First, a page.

Mynydd Y Gelli (Welsh Stonehenge)
Mynydd Y Gelli (Welsh Stonehenge)
A bit of a mish-mash of small, scattered stones in a rough circle of 30 feet diameter within a low embankment. The circle stands near 3 cairns, one an unual platform cairn design. Beside the platform cairn is a small standing stone, now fallen.
The site is rather romantically dubbed The Rhondda Stonehenge, which is a bit of grandiose poetic license. It was so named by Rev. John Griffiths, who investigated the site in 1903. Griffiths was heavily influenced by the work of Sir Norman Lockyer, who was a keen advocate of the idea that ancient stone circles and similar monuments were tied to ritual observance of astronomical events like solstice sunrises, alignment of planets and stars, and similar events.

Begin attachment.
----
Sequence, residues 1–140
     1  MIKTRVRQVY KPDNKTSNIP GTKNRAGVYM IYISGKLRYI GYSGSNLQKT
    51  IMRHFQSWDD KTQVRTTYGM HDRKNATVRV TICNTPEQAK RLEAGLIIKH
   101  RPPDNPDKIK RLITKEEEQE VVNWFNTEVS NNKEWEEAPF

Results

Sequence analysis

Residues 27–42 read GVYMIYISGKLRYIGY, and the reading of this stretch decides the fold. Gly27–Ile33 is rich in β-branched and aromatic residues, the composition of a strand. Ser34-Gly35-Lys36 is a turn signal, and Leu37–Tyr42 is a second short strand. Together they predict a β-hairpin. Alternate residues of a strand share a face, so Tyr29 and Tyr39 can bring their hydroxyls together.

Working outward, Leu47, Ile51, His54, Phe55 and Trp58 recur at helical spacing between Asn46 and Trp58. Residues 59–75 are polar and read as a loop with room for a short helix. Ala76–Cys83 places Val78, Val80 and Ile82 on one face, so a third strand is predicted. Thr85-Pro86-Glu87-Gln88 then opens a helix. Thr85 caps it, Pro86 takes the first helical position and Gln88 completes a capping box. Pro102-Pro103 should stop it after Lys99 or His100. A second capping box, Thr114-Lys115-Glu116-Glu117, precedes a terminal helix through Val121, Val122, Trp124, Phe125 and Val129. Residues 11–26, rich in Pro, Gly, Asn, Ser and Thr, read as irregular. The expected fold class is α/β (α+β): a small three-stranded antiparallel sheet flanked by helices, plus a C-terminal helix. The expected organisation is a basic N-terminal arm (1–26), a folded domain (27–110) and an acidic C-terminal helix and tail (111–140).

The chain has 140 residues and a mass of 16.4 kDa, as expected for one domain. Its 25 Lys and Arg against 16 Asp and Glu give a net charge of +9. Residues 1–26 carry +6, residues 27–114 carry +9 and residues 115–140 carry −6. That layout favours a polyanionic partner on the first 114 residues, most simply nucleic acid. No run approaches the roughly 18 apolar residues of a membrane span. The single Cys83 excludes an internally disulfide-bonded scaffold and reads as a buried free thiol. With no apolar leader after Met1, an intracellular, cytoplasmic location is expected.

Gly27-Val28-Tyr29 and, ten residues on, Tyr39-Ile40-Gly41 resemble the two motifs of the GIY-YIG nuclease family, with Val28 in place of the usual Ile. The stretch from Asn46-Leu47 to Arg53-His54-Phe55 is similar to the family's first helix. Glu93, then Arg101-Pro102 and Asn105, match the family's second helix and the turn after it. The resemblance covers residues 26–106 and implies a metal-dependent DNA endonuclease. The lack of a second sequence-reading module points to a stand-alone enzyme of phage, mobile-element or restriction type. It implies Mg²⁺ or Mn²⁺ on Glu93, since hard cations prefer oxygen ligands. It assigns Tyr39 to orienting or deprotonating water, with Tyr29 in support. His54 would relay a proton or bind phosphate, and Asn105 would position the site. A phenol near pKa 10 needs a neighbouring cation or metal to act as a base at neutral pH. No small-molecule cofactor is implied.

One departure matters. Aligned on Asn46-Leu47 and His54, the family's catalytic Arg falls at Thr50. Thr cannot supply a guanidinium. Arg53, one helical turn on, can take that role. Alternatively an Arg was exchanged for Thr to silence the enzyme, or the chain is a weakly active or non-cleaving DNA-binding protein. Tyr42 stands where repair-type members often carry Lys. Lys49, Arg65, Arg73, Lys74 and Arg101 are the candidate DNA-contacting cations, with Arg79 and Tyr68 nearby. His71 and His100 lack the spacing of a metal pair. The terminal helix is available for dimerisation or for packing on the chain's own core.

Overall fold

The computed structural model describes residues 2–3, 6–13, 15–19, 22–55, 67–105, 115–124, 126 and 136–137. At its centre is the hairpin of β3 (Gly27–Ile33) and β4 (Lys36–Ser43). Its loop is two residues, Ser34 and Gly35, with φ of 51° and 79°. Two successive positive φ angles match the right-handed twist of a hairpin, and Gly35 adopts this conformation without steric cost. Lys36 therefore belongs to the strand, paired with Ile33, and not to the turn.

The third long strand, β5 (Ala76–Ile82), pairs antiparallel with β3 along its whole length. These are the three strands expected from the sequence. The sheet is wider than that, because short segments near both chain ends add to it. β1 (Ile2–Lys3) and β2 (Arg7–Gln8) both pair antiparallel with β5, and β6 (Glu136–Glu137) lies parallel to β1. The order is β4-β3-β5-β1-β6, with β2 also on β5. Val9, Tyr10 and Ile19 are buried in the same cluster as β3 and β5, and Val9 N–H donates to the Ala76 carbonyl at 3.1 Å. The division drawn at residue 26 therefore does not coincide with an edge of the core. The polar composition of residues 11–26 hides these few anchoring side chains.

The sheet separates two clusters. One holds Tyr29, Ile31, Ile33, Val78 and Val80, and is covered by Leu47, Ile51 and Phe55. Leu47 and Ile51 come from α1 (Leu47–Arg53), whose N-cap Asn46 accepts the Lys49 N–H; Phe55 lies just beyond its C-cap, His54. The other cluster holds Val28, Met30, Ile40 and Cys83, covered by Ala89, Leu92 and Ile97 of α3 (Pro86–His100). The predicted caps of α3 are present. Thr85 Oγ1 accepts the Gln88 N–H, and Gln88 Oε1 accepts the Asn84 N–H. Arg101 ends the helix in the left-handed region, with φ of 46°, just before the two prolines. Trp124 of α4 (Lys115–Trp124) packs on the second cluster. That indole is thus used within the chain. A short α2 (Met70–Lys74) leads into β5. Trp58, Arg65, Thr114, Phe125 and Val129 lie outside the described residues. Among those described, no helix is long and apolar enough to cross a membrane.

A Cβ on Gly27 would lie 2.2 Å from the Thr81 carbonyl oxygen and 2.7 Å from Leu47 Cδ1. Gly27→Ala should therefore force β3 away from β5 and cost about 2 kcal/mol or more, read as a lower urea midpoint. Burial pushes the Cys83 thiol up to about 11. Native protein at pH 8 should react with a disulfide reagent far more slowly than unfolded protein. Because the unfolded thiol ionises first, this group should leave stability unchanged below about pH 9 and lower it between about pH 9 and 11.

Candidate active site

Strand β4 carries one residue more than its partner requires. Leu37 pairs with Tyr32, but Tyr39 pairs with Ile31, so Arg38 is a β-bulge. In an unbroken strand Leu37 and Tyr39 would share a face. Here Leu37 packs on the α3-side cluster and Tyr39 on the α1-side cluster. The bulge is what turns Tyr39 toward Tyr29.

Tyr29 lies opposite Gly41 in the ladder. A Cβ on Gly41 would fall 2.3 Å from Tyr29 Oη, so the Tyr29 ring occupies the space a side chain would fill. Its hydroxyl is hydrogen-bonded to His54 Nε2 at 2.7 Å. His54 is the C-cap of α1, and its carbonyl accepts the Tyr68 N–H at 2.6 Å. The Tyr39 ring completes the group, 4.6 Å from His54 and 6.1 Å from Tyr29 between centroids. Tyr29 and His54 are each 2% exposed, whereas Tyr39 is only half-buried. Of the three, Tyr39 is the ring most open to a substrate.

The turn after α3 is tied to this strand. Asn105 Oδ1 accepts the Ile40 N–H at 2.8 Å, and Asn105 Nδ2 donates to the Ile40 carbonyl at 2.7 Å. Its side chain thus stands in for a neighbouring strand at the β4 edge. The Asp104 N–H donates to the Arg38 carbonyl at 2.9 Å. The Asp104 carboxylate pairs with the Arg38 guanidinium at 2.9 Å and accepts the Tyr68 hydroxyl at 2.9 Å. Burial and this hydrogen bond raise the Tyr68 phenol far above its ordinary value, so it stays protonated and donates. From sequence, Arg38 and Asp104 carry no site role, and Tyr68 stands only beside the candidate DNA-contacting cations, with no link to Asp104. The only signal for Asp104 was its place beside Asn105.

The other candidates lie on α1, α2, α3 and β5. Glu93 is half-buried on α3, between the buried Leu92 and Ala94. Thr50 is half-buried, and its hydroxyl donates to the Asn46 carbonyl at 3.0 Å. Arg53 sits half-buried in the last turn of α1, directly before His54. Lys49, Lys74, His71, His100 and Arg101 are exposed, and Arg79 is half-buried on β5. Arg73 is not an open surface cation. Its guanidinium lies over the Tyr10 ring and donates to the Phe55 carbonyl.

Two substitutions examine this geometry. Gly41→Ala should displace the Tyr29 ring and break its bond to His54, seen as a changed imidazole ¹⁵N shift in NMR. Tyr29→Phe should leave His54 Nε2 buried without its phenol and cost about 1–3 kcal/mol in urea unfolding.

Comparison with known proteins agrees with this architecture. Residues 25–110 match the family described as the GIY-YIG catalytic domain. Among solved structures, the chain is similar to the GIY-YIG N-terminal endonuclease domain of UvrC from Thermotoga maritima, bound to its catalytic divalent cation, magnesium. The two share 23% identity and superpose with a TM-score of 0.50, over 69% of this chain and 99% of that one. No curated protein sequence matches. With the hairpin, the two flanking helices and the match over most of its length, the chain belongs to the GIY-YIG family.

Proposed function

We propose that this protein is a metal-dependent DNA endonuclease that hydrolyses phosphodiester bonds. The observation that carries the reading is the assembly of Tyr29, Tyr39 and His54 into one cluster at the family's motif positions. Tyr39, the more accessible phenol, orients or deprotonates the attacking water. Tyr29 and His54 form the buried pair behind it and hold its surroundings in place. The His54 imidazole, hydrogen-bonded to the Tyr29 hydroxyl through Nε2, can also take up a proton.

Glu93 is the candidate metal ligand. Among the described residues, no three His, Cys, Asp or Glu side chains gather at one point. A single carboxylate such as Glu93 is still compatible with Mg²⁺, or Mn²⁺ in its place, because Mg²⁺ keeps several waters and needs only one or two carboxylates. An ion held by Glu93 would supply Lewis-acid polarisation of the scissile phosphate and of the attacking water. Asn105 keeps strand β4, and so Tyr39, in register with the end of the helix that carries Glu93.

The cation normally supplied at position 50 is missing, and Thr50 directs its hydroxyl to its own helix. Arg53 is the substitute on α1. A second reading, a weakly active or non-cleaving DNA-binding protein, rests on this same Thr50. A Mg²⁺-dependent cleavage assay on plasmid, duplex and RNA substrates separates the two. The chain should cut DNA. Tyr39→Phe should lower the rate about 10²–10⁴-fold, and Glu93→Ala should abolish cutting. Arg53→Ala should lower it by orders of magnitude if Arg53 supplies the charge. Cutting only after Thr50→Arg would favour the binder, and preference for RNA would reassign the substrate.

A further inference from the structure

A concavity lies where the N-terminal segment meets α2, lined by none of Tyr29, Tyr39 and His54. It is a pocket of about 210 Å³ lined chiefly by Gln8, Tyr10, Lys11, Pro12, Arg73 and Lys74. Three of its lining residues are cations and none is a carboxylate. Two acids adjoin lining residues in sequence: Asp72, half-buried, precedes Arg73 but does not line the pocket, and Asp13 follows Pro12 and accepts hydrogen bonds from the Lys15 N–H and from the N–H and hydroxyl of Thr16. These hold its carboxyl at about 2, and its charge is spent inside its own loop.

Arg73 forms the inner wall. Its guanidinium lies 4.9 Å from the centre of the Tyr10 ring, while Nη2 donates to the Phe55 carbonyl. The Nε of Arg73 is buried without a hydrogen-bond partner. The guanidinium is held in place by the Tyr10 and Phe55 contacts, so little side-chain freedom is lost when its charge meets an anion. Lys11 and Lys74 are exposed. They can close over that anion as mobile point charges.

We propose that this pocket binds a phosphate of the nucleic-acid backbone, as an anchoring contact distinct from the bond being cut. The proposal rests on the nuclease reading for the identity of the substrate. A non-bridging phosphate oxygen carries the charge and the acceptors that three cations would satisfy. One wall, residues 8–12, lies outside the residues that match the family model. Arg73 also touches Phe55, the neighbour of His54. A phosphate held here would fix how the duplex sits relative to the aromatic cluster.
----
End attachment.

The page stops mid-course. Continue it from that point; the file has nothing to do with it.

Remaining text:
Unfortunately, on Grffith's death his sister destroyed his work. She was a devout Christian and believed that her brothe had been led into dangerous territory with his belief in astro-archaeology and Druidic religion. So we will never know what Griffith found at the site, and that's a shame, because it has never been properly studied since then.

It is difficult to find the site; indeed, numerous people report having to take several goes before eventually finding the stones! Your best bet is to park in Gelli village and make for Bwllfa Farm; or better yet, ask a local resident. The site is basically a large field with scattered stones and ruined shepherd huts, so it can be hard to make out at first.